3. Gold and capital

‘Wilson … is surely my star pupil’ D. B. Copland

As Wilson was preparing to leave Australia to study, Copland was readying himself for the same purpose. Copland might have borne a professorial title, but he also had several resemblances to the raw research student packing for Oxford. Like Wilson, he was young: only thirty-one years old. Like Wilson, he was an antipodean who had never left Australasia. Like Wilson, he wanted to undertake ‘further study’, and had been considering undertaking a doctorate at the London School of Economics (Hodgart 1975, p. 4). Copland may have had the dignity and income of a Chair, but his psychology was still that of a youthful direction seeker. This chapter, then, is the story of two young Australians making their voyage of discovery in the wider world.

Unlike Giblin or Brigden, the two were travelling the world in time of peace, rather than war. But the dislocation of the war, and the attempts to surmount and efface it, were to leave a strong impression on their ‘further study’. On the eve of their journeys, on 28 April 1925, Winston Churchill, as Chancellor of the Exchequer, made an announcement of general significance for the world, and of a more professional significance for the two travelling scholars. In an effort to re-establish peacetime normality the gold standard would be restored with immediate effect, and the gold value of a pound sterling fixed. 1 This decision has been confidently judged to be damaging to Britain’s economy, and has been (more speculatively) blamed for the Wall Street boom and the subsequent crash that was to demolish all hopes for the old financial order. Such attempts of Churchill to make good the impact of the war were to preoccupy the thoughts of all four in the 1920s.

Their thinking left marks on economic doctrine – especially on the linkage of capital inflow, the terms of trade, and the real exchange rate – long after the effects of the First World War had been submerged. In the 1970s the linkages traced out by Wilson and the others took on a renewed life as key elements in the analysis of the ‘Dutch Disease’ and the ‘Gregory Thesis’.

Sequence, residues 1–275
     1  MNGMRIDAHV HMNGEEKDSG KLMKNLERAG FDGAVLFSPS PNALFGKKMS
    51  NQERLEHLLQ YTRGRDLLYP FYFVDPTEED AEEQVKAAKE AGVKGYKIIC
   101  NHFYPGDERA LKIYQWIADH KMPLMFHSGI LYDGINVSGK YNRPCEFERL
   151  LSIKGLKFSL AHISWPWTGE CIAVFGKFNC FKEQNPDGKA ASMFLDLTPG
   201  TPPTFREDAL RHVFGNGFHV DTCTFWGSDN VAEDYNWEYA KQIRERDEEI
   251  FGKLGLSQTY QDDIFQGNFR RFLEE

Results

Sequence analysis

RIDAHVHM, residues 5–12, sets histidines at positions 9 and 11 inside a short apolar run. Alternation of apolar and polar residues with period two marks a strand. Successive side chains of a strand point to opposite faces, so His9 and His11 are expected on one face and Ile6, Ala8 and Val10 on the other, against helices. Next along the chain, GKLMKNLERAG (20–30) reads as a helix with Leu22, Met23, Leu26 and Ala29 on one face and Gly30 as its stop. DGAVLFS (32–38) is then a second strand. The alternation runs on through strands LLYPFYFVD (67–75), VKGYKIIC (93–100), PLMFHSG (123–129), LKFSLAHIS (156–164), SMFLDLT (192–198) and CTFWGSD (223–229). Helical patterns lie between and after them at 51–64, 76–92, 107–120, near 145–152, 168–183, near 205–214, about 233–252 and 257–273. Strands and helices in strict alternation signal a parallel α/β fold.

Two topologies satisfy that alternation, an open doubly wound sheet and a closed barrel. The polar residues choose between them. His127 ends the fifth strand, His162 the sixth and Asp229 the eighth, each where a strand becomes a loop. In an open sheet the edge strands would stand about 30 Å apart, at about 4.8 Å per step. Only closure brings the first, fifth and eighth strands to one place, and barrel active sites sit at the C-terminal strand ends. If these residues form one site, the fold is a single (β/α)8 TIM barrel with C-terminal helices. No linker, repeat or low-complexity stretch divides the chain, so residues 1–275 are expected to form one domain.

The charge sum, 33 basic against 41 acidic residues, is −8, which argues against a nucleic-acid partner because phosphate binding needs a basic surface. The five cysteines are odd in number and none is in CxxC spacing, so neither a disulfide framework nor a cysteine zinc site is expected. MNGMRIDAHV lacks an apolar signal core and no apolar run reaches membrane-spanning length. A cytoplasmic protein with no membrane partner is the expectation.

America via England

When Wilson arrived in Oriel College towards the end of 1925, economics was stirring at Oxford. An ‘honours school’ in Politics, Philosophy and Economics had been created in 1920, and ‘the almost irresistible rise of economics in PPE’

1 Keynes told Copland that, in being consulted by the Chancellor, he had realised that ‘Churchill did not grasp the intricacies of the gold situation and the exchanges’ (UMA DBC 16 June 1925).

had commenced. The old subject of Political Economy had been renamed, and Modern Statistical Methods were being taught. Roy Harrod was lecturing on Money, Banking and Currency, and International Economics. One future Nobel Laureate, James E. Meade, was a fellow student of Wilson’s at Oriel, although still a disciple of Major Douglas, and still absorbed in classical studies. 2 Wilson bought Keynes’ Tract on monetary reform.

Oxford rewarded Wilson. He won the Beit Prize in Colonial History with an essay entitled ‘Social and economic experiments in Queensland’. He began the dissertation proposed by Cannan, ‘The import of capital’, spent long days in the Royal Colonial Institute and the British Museum accumulating data, and successfully submitted his DPhil in October 1929.

But Wilson was not entirely content with Oxford. His tutor at Oriel was inexperienced and ‘knew nothing about the subject I was interested in’. And there were deficiencies in physical as well as human capital. ‘I couldn’t find a calculating machine in Oxford, they looked horrified at me when I asked’ (Wilson 1984). Wilson was offered some seven-figure logbooks instead. In 1920s Oxford, it was all done by pencil.

And he had discovered America. In 1926, as a member of a student debating group assembled under the auspices of the English Speaking Union, he visited 38 universities in six weeks. He felt he was ‘treated as royalty’. This was the beginning of a lifelong attraction to the United States.

He successfully applied for a ‘Commonwealth Fund Scholarship’ 3 to study in the United States. The University of Chicago seemed to be the right place to go. The physical capital was impressive. ‘The first compulsory thing when I hit Chicago was to be driven over to the Commerce School and instructed how to work a few calculating machines. The facilities in Chicago were quite excellent for the day. They had a marvellous machine [that did] six figures by six figures by pushing a button and tot up the total for you’ (Wilson 1984). And here was an intensity lacking at Oxford; in addition to final examinations, he faced quarterly examinations in subjects with such inhospitable titles as Economic Theory. There were new fangled topics: Industrial Organisation and Relations, presumably taught by a professor he was to befriend, Paul Douglas, 4 best recalled today for bestowing his name to the Cobb-Douglas production function. But, above all, there taught at Chicago Jacob Viner, who had just published